Review of The Kingdoms by Natasha Pulley

The Kingdoms by Natasha Pulley book cover and RRPL catalog link

An excellent speculative fiction alternate history set during the Napoleonic Wars featuring a time travelling LGBTQ+ love story. In The Kingdoms by Natasha Pulley, Joe Tournier wakes up on a train station platform with no memory of who he is. He’s in London, but everyone is speaking French. When he receives a postcard with his name on it, mailed a hundred years ago, Joe journeys to the lighthouse pictured on the card and is kidnapped through a portal into the past by a mysterious man.

Pulley’s novel is at once both a romantic love story across time and space and a well-researched alternate history that examines how the use of future technology would change events in the past, and how far nations would be willing to go for information from the future. This book is for anyone who has ever wondered what would have happened if the French won at Trafalgar, if the telegraph was invented fifty years earlier, or even what would happen if a sailing ship battled against a steam-powered battleship. The twisty, turny plot may be confusing or hard to follow at first, but the payoff in the end is well-earned. Pulley does not pull her punches, either in the story or the action, but her take on naval ship battles is visceral without being over the top with gore. For anyone who loved Cloud Atlas by David Mitchell or Naomi Novik’s Temeraire series.

Look for the Kingdoms on May 25!

Thanks to NetGalley for the ARC (advance reader copy)!

Review of Helene Wecker’s The Hidden Palace – sequel to The Golem and the Jinni

Book cover of The Hidden Palace by Helene Wecker

Fans of Helene Wecker’s award-winning historical fantasy novel, The Golem and the Jinni, rejoice – after eight years of waiting, we finally get a sequel!

The Hidden Palace comes out on June 8 and picks up shortly after the end of the first book (don’t worry – there are unobtrusive reminders in the text to get you up to speed with the preceding events). The evil sorcerer who had imprisoned jinni Ahmad in a metal vial (spoilers!) was defeated at much personal cost in the first book. Ahmad and Chava, the golem, now must weather the rapid changes at the turn of the twentieth century in New York City: the sinking of the Titanic, the Triangle Shirtwaist fire, and the beginning of the Great War, as well as changes in their relationship to each other and their communities.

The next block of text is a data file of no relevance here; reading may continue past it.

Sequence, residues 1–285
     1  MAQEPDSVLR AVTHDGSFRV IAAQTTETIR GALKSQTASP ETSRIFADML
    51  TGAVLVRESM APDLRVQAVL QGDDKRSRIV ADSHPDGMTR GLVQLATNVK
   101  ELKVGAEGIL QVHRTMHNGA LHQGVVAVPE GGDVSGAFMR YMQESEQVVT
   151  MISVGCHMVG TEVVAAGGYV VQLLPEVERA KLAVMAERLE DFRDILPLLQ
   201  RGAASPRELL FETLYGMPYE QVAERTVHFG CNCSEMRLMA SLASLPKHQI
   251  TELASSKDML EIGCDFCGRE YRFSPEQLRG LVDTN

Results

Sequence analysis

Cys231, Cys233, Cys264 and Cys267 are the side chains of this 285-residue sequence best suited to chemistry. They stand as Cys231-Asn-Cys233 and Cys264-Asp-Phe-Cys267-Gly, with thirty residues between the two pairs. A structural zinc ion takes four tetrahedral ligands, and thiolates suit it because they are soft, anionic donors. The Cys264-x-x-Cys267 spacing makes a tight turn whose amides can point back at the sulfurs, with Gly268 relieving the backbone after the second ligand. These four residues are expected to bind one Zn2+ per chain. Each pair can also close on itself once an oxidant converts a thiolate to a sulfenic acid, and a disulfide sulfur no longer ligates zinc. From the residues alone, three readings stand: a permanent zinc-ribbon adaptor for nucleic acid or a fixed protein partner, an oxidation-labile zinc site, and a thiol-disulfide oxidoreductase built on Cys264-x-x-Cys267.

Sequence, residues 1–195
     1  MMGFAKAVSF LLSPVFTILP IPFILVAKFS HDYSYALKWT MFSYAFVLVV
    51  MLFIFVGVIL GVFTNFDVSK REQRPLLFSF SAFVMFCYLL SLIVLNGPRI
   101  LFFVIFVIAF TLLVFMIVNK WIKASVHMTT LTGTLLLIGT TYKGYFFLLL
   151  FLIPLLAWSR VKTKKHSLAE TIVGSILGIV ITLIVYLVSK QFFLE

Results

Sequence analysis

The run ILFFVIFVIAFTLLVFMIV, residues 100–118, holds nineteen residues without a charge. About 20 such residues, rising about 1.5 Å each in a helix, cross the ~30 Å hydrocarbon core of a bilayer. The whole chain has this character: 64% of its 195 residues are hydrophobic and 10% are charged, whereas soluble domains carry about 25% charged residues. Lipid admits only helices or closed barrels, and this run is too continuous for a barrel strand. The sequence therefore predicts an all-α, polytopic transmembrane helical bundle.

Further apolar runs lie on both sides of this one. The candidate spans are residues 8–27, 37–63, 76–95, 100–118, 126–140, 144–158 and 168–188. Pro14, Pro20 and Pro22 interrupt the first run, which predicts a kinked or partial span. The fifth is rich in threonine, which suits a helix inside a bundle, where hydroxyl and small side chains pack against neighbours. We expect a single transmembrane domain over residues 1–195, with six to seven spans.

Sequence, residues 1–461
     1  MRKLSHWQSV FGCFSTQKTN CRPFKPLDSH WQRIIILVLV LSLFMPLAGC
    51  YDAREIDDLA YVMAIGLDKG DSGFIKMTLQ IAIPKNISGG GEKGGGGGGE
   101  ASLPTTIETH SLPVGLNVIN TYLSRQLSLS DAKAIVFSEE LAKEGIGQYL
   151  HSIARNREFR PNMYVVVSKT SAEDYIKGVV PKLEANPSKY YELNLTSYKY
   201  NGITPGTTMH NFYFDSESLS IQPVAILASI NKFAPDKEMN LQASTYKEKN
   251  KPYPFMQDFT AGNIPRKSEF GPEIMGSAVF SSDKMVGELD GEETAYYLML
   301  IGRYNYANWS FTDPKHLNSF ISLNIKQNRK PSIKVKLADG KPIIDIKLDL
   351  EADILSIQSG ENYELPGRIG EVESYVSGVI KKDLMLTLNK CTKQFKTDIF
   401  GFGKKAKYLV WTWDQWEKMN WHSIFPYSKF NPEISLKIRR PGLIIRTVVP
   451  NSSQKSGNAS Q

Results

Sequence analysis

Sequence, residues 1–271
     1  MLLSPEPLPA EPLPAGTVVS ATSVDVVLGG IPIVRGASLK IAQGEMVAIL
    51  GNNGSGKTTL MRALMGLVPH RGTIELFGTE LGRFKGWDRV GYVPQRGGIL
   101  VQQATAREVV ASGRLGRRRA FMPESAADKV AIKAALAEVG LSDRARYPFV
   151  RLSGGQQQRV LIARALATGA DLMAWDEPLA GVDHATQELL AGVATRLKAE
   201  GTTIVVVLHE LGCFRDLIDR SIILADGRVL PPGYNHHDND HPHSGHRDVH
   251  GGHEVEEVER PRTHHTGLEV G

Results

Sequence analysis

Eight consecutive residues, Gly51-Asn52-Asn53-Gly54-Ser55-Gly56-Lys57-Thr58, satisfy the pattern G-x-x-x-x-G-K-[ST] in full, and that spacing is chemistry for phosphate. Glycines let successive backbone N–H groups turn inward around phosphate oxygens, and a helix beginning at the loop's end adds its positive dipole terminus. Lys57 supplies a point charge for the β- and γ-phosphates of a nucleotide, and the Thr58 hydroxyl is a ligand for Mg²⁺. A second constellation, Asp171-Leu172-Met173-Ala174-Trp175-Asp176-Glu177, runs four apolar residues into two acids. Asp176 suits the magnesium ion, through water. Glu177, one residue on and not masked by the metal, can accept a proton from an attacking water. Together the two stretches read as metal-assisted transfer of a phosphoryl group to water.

Once again, Wecker has crafted an immigrant chronicle for the ages that grapples with the dual problems of the diaspora: attempting to assimilate into a new culture while at the same time keeping close one’s native culture, all while trying to find a place in the world. The Hidden Palace is a sweeping character-driven epic of a family forged in love, not blood ties, whose members fight and love and learn, falling apart and together organically. Even though I only read The Golem and the Jinni once many years ago, this new book felt like coming home, as if I never really left Ahmad and Chava’s world and was now spending time with treasured friends. The tone is melancholy with measured pacing so that readers can truly immerse themselves in the world, and while no one gets a happy ending, exactly, Wecker ends her novel on a hopeful, bittersweet note. The Hidden Palace is a worthy successor to its smash hit predecessor and will wrap you again in a fully realized world you won’t want to leave.

Thanks to NetGalley for the ARC (advance reader copy)!